Thirteen of Coeur d'Alene's parks have basketball courts, allowing ample opportunity for you to get outside for a pick-up game. Most of these courts are located right in community parks such as Shadduck Lane, Bluegrass, and Landings parks, but others are in the larger parks, such as the two full courts located in City Park. In addition to the courts at parks, most of Coeur d'Alene's schools have publicly-available basketball courts outside of school hours. Basketball is accessible by men, women, and children of all ages as a fun way to pack a lot of exercise into a short period of time.
Basketball has a number of positive effects on your health, especially as a cardiovascular workout. As you run and jump, you work your heart and lungs, increasing both your aerobic capacity and endurance. These activities also work out your full body. Basketball also increases your coordination level as your feet, legs, arms, and eyes all work together. Mental benefits include an increase in coordination and social skills, and perhaps best of all for children, it is a confidence booster. Kids who play basketball learn how to be more assertive, since one of the goals of the game is to steal the ball from the other team, and the only way to do that is to get in there and grab it.
Another game for the great outdoors that helps enhance your teamwork is baseball. Coeur d'Alene's Recreation Department offers girls softball and boys baseball each year with registration in May, and league play beginning in July. The department also runs a summer softball league for adults, offering coed, men's, women's, men's church, and coed church divisions. Registration starts in early spring, and practices begin in April with the league running throughout the summer. Coeur d'Alene offers several public baseball and softball fields, including Memorial Field, Person Field, McEuen Park, Ramsey Park, and the Canfield Sports Complex. There are also plans to build a new baseball park at Cherry Hill.
Baseball and softball contribute to your overall fitness, and it requires a low level of initial physical conditioning with long periods of standing and waiting, punctuated by the occasional burst of activity. Throwing and hitting the ball increases your hand-eye coordination and your arm strength and muscle control. Running around the bases or to catch the ball improves your cardiovascular fitness and helps condition your legs. Baseball and softball players gain a sense of pride and team spirit through the incredible amount of teamwork and coordination required to successfully play the game.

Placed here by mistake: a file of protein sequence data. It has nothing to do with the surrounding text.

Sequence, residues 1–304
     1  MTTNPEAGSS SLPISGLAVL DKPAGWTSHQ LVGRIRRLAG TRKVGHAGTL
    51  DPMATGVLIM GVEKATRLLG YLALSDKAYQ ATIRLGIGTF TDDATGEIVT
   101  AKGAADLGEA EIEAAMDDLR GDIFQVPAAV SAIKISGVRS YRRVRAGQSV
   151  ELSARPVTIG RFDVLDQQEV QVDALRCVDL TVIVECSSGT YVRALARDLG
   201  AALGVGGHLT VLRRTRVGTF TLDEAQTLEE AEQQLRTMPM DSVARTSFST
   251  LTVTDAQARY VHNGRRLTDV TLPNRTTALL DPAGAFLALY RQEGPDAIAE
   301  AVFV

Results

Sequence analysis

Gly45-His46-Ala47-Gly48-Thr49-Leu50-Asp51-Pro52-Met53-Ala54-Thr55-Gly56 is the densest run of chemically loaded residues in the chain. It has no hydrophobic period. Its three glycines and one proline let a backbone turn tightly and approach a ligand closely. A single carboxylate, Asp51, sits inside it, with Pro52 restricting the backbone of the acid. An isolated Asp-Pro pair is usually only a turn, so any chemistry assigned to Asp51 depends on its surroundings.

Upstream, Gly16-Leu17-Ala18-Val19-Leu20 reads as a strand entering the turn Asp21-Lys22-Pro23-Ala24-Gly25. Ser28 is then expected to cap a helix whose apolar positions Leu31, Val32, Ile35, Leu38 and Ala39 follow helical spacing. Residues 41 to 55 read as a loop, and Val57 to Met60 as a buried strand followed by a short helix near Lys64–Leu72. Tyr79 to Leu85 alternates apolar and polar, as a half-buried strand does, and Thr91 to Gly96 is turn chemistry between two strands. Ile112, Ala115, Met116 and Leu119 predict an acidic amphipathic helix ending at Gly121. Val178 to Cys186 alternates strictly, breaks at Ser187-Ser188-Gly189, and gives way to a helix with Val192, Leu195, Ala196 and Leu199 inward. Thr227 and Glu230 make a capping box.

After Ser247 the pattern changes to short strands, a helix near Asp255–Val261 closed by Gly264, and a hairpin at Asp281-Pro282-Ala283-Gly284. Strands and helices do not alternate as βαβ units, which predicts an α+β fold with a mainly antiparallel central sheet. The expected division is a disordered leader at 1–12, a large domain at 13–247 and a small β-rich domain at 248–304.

Another activity offered at several of Coeur d'Alene's parks is tennis. Tennis courts are available at Cherry Hill Park (6 courts), North Idaho College (4 courts), Northshire Park (3 courts) Ramsey Park (3 courts), and Landings Park (2 courts). Most of these courts are in good repair with few deadspots, and some courts offer a wall or backboard for solo practice of technique.
Tennis is a physically demanding sport that improves your aerobic fitness, speed, and body coordination. Your agility is also increased, because you are forced to change directions as many as five times in ten seconds during a point. With the hundreds of small corrections, stops, starts, and changes of direction in a match, your dynamic balance is also improved. Tennis works out your legs and arms giving you improved bone strength and density while increasing your flexibility due to the constant stretching and maneuvering required to return the ball. Additionally, your hand-eye coordination is improved and your mental fitness grows as you learn to manage mistakes and compete at a one-on-one basis.
In addition to these ten great outdoor exercise opportunities in Coeur d'Alene, our amazing city offers several other fun activities, such as volleyball, soccer, football, lacrosse, and ultimate frisbee. You have beach volleyball at the NIC beach, and (bring your own net) volleyball courts at several of the local parks. The wide-open fields at the Canfield Sports Complex, Coeur d'Alene Soccer Complex, and even at some of the other parks give ample opportunity for playing field-type sports.
You can also find ample opportunities for bouldering, rock climbing, kayaking, water skiing, and wakeboarding in the Coeur d'Alene vicinity.
Coeur d'Alene is home to so many fun outdoor sports that allow you to get out in the sun and natural beauty of this area, there is almost no need to visit a gym for "boring" exercise routines. In 2011 the University of Wisconsin rated Kootenai County the seventh healthiest county in Idaho, and we have been in the top 10 healthiest counties for the last three years.
Want to learn more about Coeur d'Alene's parks and the exercise opportunities available in each? Check out our Parks page.
If you have another outdoor exercise idea, or would like to talk about one of these, please feel free to leave a comment. Or better yet, create an account on LoveCdA and start your own personal blog!
2301 E. Sherman Ave & 23rd